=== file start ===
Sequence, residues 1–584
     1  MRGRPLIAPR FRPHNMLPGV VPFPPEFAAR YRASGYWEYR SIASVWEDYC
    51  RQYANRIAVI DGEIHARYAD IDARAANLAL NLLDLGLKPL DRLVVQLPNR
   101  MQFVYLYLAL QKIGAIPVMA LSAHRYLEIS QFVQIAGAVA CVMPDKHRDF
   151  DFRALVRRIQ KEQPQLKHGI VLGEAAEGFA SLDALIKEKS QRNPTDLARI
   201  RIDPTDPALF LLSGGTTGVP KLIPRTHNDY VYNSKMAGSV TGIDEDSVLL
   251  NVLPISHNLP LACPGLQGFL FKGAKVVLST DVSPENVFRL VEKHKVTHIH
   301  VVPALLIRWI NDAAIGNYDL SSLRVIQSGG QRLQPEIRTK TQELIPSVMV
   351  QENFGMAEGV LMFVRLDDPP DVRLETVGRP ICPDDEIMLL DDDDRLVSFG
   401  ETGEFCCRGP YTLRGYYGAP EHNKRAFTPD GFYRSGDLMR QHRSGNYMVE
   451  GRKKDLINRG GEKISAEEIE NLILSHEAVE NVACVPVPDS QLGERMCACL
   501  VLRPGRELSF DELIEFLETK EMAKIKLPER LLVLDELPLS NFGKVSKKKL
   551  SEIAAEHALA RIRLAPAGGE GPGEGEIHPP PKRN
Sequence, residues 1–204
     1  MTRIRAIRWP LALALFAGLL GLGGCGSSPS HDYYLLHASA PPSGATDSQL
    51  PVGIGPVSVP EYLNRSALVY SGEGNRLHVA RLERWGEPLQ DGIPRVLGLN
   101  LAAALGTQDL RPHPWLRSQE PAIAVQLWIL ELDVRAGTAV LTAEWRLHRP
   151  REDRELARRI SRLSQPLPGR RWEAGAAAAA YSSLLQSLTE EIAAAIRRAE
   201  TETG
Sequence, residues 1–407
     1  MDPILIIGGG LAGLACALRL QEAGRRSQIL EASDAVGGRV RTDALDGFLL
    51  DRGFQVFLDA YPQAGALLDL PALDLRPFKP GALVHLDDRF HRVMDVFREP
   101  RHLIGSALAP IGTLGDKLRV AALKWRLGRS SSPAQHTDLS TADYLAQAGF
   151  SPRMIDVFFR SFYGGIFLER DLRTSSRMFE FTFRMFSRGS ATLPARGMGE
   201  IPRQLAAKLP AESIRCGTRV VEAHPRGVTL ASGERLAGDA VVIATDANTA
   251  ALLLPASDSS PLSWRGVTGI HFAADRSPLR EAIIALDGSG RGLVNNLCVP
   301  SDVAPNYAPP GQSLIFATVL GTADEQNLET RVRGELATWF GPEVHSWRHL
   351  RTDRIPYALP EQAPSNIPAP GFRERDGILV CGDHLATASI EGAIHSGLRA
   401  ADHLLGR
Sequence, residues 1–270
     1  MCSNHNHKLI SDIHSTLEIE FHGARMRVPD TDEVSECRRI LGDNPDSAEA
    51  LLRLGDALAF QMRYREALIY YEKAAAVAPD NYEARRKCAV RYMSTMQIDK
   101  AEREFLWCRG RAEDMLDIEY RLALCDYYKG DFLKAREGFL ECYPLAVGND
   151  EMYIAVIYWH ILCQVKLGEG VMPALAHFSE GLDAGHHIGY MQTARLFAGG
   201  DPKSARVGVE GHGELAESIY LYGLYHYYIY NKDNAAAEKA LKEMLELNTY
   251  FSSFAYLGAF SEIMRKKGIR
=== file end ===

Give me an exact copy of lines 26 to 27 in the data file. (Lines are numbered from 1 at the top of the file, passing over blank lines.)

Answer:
   251  ALLLPASDSS PLSWRGVTGI HFAADRSPLR EAIIALDGSG RGLVNNLCVP
   301  SDVAPNYAPP GQSLIFATVL GTADEQNLET RVRGELATWF GPEVHSWRHL